The complete (electronic form) booklet may also be purchased from Amazon.

Q. 378 – Existence and Experience

Q: Without hot, cold doesn’t exist. Without up there is no down, without in there is no out etc. The basic nature of duality. However if you apply this to the non-dual Brahman…

In the absence of that which is not (Brahman), that which is (Brahman), is not (doesn’t exist.)

My idea is that the Relative Reality is not only dependent on the Absolute (Brahman) but that actually both are interdependent on each other. I know this is counter to Advaita and forgive me and my lack of knowledge, especially of the Sanskrit terms, and I’m sure it makes your skin crawl to continually refer to things such as relativity as a reality.

Why do I say something can’t exist without it’s opposite? I will do my best to explain my ideas.

A thing cannot exist without it’s opposite because it cannot be experienced without it’s opposite, or rather awareness of it’s opposite. If a thing cannot be experienced then it does not exist, to the one experiencing it.

Ultimately, everything exists in one of two ways, either as a potential or possibility, or as a realized form. Continue reading

Vedanta the Solution – Part 22

venugopal_vedanta

VEDĀNTA the solution to our fundamental problem by D. Venugopal

Part 22 concludes the chapter on ‘Enquiry into the Self as subject’, equating Consciousness and Existence and looking at the relationship between the body-mind-sense complex and Consciousness.

There is a complete Contents List, to which links are added as each new part appears.

Being is Reality

All things exist. We cannot conceive of non-existence as different from existence, for even non-existence, in order that it may convey any sense, must become a content of consciousness. And consciousness must be.

Existence is the minimum to which things can be reduced, without which even thought is impossible. Everything relates to existence of some kind, and there is no thought of non-existence. To argue along the lines of Parmenides, existence is that which does not admit of any change. We cannot think what is not, for what is not cannot come into being, either from what is or from what is not.

If what is comes from what is, we would be stating something which we ourselves do not understand, for what is includes all things, and there is no such thing as the production of what is from what is. What is, again, cannot come from what is not, for what is not has no meaningful value. To posit the relation of what is to what is by way of causation involves a tautology, and to conceive of the coming into being of what is from what is not, is absurd.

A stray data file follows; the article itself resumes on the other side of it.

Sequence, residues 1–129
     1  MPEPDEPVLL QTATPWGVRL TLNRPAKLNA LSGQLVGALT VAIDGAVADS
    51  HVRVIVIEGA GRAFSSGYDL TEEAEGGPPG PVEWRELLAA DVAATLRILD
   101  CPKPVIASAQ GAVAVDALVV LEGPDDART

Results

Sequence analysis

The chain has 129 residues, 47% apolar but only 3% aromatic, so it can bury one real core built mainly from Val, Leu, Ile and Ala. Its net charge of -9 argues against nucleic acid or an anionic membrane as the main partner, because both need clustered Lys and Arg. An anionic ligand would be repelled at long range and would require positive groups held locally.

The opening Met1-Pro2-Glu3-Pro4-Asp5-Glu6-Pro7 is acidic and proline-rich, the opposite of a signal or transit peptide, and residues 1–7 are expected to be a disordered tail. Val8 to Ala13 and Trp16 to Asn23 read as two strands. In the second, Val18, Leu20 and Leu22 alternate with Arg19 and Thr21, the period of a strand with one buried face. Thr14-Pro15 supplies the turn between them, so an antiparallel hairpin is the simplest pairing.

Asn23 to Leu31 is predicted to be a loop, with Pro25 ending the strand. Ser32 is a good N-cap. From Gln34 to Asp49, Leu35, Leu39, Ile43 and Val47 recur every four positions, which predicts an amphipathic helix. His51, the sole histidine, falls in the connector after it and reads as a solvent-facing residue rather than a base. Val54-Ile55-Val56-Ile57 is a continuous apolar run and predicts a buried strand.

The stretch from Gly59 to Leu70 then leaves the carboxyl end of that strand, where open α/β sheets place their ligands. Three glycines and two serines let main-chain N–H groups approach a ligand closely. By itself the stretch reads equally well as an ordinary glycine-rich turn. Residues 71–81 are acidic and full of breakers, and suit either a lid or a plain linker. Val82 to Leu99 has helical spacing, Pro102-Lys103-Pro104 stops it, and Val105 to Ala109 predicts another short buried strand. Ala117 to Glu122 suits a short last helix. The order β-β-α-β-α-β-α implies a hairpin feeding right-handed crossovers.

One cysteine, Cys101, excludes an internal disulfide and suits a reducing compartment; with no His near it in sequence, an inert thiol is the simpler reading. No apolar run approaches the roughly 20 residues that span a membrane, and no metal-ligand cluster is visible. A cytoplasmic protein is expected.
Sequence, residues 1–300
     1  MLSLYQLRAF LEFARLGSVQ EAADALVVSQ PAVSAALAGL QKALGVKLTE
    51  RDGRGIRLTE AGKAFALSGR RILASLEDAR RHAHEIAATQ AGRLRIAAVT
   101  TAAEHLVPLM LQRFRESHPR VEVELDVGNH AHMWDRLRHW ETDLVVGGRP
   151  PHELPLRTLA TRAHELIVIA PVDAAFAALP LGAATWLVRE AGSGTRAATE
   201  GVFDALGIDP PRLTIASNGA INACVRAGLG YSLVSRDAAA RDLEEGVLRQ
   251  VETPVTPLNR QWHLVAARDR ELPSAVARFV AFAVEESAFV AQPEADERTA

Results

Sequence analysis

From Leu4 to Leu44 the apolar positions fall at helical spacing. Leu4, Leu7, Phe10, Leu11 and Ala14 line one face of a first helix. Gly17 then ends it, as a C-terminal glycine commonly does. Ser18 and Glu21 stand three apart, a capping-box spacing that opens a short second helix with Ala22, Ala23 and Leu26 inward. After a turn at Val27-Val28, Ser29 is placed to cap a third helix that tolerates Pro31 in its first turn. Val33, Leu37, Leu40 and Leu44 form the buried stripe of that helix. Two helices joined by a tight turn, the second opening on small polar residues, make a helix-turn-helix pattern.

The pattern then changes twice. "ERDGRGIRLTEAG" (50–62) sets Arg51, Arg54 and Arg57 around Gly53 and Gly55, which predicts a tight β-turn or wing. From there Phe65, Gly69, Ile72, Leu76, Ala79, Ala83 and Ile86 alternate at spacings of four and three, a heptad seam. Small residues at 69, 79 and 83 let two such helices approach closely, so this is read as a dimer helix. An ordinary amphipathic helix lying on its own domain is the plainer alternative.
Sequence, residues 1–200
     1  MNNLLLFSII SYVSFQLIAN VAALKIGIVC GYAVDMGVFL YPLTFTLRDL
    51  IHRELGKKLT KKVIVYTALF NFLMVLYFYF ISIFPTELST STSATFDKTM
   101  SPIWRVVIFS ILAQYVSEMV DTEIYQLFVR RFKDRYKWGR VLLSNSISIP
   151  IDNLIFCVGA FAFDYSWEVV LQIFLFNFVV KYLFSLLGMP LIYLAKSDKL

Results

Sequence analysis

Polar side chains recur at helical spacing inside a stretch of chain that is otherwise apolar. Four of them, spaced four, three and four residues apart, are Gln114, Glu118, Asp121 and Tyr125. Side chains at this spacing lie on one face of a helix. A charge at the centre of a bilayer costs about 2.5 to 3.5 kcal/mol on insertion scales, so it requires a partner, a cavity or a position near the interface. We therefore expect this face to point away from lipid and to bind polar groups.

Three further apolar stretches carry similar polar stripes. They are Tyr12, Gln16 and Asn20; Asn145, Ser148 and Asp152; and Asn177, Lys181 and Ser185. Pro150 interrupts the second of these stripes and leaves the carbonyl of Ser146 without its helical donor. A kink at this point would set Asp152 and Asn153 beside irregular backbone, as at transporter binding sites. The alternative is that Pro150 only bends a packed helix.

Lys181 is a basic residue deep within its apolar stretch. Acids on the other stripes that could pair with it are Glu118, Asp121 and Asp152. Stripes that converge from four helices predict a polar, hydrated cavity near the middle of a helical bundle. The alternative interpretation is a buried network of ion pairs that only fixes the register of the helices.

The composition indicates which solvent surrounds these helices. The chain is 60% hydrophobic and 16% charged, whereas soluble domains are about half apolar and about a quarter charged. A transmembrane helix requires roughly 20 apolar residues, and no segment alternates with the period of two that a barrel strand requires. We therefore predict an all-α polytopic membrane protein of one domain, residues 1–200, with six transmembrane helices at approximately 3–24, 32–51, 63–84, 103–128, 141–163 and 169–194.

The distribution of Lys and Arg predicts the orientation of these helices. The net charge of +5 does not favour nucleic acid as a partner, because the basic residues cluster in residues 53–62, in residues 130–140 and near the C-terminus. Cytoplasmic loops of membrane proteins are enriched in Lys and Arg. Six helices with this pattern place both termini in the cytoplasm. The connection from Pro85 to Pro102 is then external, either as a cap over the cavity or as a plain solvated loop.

There cannot be something other than what is, for what is, is the all. Even supposing that there is such a thing as the coming into being of one thing from another thing, we would have to admit that nothing other than what is can come into being, for we cannot add anything to what is, and anything added must itself be a part of what is.

There cannot be anything exceeding what is, and what is not, again, cannot come into being. That which is cannot increase, and cannot also decrease, for it is always. If something is to be removed from what is, so that the latter may be lessened, what is removed should be either what is or what is not. What is cannot be removed from what is, and what is not cannot, again, be removed from what is, for it means nothing at all.

The concept of dimension, again, is possible only when there is spatial separation of one thing from another. But even space is included in what is. So what is cannot be diminished in any way. And it cannot be increased, because we cannot add anything to it other than itself.

Existence is the whole reality. It does not admit of either addition or subtraction, production or change of any kind. In order that it may move or change, there should be space; but space is not outside it. True being has no origination, no change, and so no end. This being must be equally present everywhere, with no less or more of it anywhere. It is that which is.

As being is indivisible, it cannot conceive of a real distinction of things in it. All things are being. If there are things other than being, they must be non-being. Even becoming has meaning only when it has being. If being is to be divided, we may have to introduce some other distinguishable and distinguishing element in it, which would be nothing but non-being.

Being is reality.

from The Philosophy of Life by Swami Krishnananda, The Divine Life Society.

What is Brahman? (Part 4)

(Read Part 3)

Leo Hartong also uses the metaphor of clouds, as thoughts, in the blue sky of ‘I am’ awareness:

“Ramana Maharshi recommended that one investigates by asking the question ‘ Who am I?’ When asked who you are, there might be a hesitation as to what to answer; but when asked if you exist, there is no such doubt. The answer is a resounding, ‘ Yes, of course I exist.’ When the answer to the first question is as clear as the answer to the second question, there is understanding.

“The realization is that both questions have in fact the same answer. That which is sure of its existence –the innermost certainty of I Am- is what you essentially are. In other words: I Am this knowing that knows that I Am. The Hindus say Tat Tvam Asi (Thou Art That). In the Old Testament, God says, ‘ I Am that I Am.’ This undeniable ‘ I Am’ is not you in the personal sense, but the universal Self. Ramana Maharshi called the fundamental oneness of ‘ I Am’ and the universal Self ‘ I-I.’ Continue reading